As the end of the song draws near, frustration and regret descend to their darkest point. “I hate my skin, this grave I’m standing in / Another change of years, and I wish I wasn’t here.” Thankfully, this broken lament ultimately serves as contrast, as the following bridge and modified chorus very simply yet powerfully underscore where solid hope and infinite renewal are truly found.
A year goes by and I’m staring at my watch again And I dig deep this time For something greater than I’ve ever been Life to ancient wineskins. And I was blind, but now I see
This New Year’s Eve, something must change me inside I’m crooked and misguided, and tired of being tired This New Year’s Eve, I’m waiting for tomorrow My heart is on my sleeve, and yes I still believe, in You
Perhaps, like the songwriter, your own experience since New Year’s has been characterized by tension. For as much as 2017 suggests bright opportunity… there are also dreams unfulfilled, people no longer in our life, and constant trials following us regardless of an arbitrary division in time. Sometimes the annual transition is more a painful reminder than anything.
But followers of Christ can look through and beyond their pattern of failure, all the way two thousand years back– when Jesus established the only meaningful division of history, by making an instrument of shameful torture into the means of eternal salvation. How much more will He faithfully nurture and preserve us, His bride?
Here are just a few truths of how God makes us new, and it’s a promise forever regardless of our prior experiences or present circumstances:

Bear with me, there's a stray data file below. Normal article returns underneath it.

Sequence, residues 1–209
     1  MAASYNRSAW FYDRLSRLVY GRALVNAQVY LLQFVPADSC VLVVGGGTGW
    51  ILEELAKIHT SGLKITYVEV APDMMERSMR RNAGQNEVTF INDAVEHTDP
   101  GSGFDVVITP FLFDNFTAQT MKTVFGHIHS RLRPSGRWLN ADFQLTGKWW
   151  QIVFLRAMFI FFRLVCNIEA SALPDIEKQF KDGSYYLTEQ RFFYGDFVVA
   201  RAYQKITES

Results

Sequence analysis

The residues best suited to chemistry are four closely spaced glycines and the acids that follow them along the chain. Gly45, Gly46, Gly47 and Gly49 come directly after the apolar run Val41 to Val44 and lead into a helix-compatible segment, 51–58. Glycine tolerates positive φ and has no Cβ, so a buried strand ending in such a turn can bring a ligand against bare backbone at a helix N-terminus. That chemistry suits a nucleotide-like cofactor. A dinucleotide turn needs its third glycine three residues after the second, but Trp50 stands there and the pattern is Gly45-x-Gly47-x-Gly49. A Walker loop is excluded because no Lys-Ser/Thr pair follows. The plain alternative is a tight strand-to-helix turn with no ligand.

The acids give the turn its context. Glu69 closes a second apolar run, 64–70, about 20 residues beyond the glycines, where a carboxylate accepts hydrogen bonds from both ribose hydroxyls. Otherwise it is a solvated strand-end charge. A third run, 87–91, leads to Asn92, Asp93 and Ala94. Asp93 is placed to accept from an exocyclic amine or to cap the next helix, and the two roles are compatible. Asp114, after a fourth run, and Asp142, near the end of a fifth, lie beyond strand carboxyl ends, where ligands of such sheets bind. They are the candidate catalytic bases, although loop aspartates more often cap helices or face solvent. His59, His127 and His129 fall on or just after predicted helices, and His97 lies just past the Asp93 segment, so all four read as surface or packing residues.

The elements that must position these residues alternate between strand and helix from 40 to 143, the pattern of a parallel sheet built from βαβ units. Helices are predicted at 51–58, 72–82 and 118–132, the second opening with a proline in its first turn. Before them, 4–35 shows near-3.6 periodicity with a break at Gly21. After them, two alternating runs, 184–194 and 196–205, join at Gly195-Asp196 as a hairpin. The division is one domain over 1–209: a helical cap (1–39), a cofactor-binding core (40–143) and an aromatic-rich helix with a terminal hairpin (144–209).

You are called a “new creation” (2 Corinthains 5:17), with your worth and identity securely anchored in what Jesus did for you. That means you actually can wave goodbye to the sin and guilt of your past now buried in Christ’s tomb, and choose daily to step into the newness of life purchased by His resurrection.
The Holy Spirit decided before time began, that it was a cool idea to make His home within you and never move out (Ephesians 1:13-14). He’s also described as bringing a new, softened heart to love and obey God… without which even the Israelites acted faithless despite witnessing His manifest presence and miraculous provision.
The Lord has already prepared good works for us to walk into (Ephesians 2:10)… not in the sense of tedious rituals or attempts to earn His grace, but rather as a loving overflow of our redemption– walking more and more like Jesus, building up the Church, making Him known in every nation, and appearing blameless before Him at the end before entering an eternal home where all things become new.
In light of this hope, the marker of a new year seems empty and small indeed. And yet, so far as these little reminders like the New Year or a birthday or the spring season point us to Who holds the future and gave us a new spiritual birth, they serve a helpful purpose.
Don’t lose hope. Keep wearing your heart on your sleeve. Believe fully in our wonderful God.
An ardent indoorsman, Taylor Charles Lewis's enjoyment and energy are primarily found in theology and storytelling. His favorite interests and interactions often involve the melding of the two— through reading, writing, and video games. He's lives in California, and when venturing beyond computers and books helps in youth ministry to see God's word written on human hearts.